Calls for quotas for Asians on company boards and in the upper echelons of the public service would provoke ridicule. Arguments that corporate Australia needs to harness Asian perspectives to better compete in the `Asian century’, and that Asian people are unfairly underrepresented in the senior managerial ranks of the largest companies would be dismissed as weak at best.

'What's she doing here?' 'Dunno, they said we had to have a woman.' 'Hiiiiiiya!'Pic: Supplied

Yet the same sorts of arguments motivate the depressingly fashionable trend toward quotas for women in the workforce. Since 2011 both the government and the Australian stock exchange have introduced rules requiring companies to encourage greater female representation at the executive level, so far stepping short of recommending hard quotas.

The public service has gone further, though. Treasury in Canberra intends to have women make up 35 per cent of its senior staff by 2016, and this week it emerged the Reserve Bank has considered an `aspirational’ target of ensuring women fill 40 per cent of its senior ranks, despite an internal review showing no bias against women in promotion given their levels of experience.

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  • libertarian vegetarian says:

    06:04pm | 18/01/13

    Gosh the bitter and angry boys today! There are plenty of women who are hard workers and ruthlessly profit motivated, you’ll just tend to find us as self employed or working in a small to medium sized business, rather than in large corporations. Women often require a degree of flexibility… Read more »

  • Robinoz says:

    05:59pm | 18/01/13

    If I was a woman, I would be offended to think that the government believes I can’t organise myself and my career without special privileges. Most of the women I worked with and for in the APS were intelligent, well qualified people respected by me and my fellow male colleagues.… Read more »


Positive discrimination is, if not dead, at least on life support with an overeager nurse reaching for the off switch.

Tokenism just doesn't work. Pic: Ross Michael

That’s according to a decent-sized survey out today that found two thirds of Australia’s bosses will not mandate that females be included in shortlists for senior management positions.

I reckon I wouldn’t be alone in turning a blind eye to that nurse, and wanting quotas put out of their misery. There are much better ways to achieve workplace diversity.

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  • Dr McKay says:

    05:28pm | 16/05/12

    You can also get throat cancer from the cervical virus.  I’m sure you can all figure out how. Read more »

  • PsychoHyena says:

    02:21pm | 16/05/12

    @Ads, it’s interesting, but the question gets asked to identify whether you may need additional support. If you answer yes they assume that you need assistance with everything because you’re aboriginal/torres strait islander, if you answer no they figure you’ll be fine, if you refuse to answer (you’re allowed to… Read more »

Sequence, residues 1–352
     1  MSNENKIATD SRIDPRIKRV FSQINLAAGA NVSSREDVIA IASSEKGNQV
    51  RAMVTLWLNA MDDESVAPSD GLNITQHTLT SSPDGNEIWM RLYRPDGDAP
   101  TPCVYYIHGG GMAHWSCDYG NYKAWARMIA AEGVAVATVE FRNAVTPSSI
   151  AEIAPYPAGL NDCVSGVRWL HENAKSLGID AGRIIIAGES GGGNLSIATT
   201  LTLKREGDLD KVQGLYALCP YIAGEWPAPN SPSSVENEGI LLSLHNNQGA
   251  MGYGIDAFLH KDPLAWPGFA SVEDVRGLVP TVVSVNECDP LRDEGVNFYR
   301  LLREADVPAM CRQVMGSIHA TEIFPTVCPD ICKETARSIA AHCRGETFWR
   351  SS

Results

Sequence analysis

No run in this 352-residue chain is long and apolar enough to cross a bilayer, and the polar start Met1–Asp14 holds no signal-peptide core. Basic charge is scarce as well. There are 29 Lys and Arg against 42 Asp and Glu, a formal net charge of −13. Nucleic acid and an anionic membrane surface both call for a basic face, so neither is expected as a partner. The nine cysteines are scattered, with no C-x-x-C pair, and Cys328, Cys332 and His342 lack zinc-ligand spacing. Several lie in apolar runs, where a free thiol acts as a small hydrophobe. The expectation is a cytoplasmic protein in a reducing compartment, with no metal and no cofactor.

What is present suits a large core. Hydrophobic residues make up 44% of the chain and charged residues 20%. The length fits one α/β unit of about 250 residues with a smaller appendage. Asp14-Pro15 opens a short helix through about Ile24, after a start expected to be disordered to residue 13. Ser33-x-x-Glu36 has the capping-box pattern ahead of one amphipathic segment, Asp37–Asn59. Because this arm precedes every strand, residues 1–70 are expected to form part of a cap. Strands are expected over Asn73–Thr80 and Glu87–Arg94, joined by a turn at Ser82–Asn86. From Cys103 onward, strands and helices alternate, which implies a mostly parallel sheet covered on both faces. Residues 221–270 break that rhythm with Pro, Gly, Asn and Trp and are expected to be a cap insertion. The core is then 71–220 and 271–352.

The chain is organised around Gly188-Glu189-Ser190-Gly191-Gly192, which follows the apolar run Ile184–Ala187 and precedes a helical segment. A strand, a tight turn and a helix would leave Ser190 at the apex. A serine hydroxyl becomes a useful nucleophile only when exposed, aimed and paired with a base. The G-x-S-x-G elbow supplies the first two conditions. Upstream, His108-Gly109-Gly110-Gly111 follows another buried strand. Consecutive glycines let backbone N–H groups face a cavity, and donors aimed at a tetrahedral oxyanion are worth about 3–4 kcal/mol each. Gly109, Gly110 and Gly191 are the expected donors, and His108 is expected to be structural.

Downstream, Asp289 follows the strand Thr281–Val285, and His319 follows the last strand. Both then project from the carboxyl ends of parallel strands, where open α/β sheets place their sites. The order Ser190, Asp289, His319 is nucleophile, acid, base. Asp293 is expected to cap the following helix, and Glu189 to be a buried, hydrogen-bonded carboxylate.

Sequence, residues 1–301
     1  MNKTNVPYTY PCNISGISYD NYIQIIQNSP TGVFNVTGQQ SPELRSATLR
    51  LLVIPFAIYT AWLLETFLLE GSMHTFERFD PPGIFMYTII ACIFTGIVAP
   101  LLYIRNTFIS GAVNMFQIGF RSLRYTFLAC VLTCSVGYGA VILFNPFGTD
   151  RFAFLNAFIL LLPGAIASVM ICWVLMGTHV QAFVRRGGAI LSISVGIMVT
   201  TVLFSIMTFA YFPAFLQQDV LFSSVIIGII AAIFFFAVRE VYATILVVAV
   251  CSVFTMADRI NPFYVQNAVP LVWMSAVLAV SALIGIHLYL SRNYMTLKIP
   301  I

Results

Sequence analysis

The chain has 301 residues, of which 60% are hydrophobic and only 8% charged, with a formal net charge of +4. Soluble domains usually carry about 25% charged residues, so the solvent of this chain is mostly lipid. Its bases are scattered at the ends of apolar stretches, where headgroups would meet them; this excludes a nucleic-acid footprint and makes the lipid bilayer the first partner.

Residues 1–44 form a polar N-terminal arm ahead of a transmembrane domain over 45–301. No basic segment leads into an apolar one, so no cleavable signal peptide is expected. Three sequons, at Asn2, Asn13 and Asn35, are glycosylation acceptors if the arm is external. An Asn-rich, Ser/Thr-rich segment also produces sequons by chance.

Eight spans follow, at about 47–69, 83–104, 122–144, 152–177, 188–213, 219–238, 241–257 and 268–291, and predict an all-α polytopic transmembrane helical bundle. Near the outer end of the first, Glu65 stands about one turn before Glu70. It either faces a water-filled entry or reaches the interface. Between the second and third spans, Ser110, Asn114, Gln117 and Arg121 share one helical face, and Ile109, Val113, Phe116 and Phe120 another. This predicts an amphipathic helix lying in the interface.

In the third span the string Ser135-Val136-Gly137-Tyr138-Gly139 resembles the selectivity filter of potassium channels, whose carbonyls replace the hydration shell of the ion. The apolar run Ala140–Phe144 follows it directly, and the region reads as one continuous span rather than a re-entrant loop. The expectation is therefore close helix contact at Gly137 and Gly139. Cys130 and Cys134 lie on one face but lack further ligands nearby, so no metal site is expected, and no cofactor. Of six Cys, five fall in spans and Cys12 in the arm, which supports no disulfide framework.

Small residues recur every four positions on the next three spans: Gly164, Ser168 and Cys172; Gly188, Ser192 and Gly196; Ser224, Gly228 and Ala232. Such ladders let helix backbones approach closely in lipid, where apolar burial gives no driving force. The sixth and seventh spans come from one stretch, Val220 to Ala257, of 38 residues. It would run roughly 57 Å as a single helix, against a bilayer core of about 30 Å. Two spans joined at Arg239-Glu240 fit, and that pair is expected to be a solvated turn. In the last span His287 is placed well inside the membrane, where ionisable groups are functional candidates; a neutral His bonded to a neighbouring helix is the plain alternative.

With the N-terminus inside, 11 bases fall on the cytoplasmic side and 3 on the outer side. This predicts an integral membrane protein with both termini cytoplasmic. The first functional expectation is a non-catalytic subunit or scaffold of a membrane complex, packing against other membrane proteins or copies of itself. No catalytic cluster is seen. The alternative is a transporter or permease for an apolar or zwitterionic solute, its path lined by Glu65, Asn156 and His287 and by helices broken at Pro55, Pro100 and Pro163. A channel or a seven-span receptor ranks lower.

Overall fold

True equality is impossible. We are not born equal, and we cannot be made equal.

Cartoon: Bill Leak

But equal opportunity for all is a noble and realistic goal.

In a fairly short time – say, a century – women’s position in society has altered dramatically. This time one hundred years ago women had few rights. They were second-class citizens.

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  • n_dude says:

    05:17pm | 21/03/11

    @Alex - not sure if that is true, can you quote your sources. Anyway, if it was the case, then wouldn’t it be cheaper for the organisation to hire all women graduates? Why would organisations unnecessarily raise their labour costs when they can get the same quality of labour for… Read more »

  • Syl says:

    01:30pm | 21/03/11

    Alex Same qualifications does not equal same position.  If there is a company paying men more money than women for the same position I’d suggest you report them because it is illegal. Unless of course your making it up. Read more »


Does Australia need a Quota Law? Most would say ‘no’ – just as they did in Norway when it was introduced. Now that at least 40 percent of board seats on Norwegian Public Listed Companies are held by women, the Quota Law is widely accepted across Norway as a reform ‘they had to have’.

Illustration: John Tiedemann.

But has it produced a result down the food chain? A recent study has said ‘not at this stage’, questioning if quotas are required at management and executive levels or if the marketplace and gender conscious Norwegian society will address this imbalance.

The Quota Law requiring companies to appoint 40 percent of the under-represented gender to their boards was announced by the Norwegian Minister for Trade and Industry in a conservative government, in 2002 and approved by Parliament in 2003.

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  • fr says:

    05:44pm | 25/05/12

    1 lkmlk Read more »

  • odonseknokidE says:

    05:35pm | 24/05/12

    payday loans online direct lenders - <a >payday loans online</a> , http://onlinepaydayloanshere.com/#16282 payday loans online direct lenders Read more »


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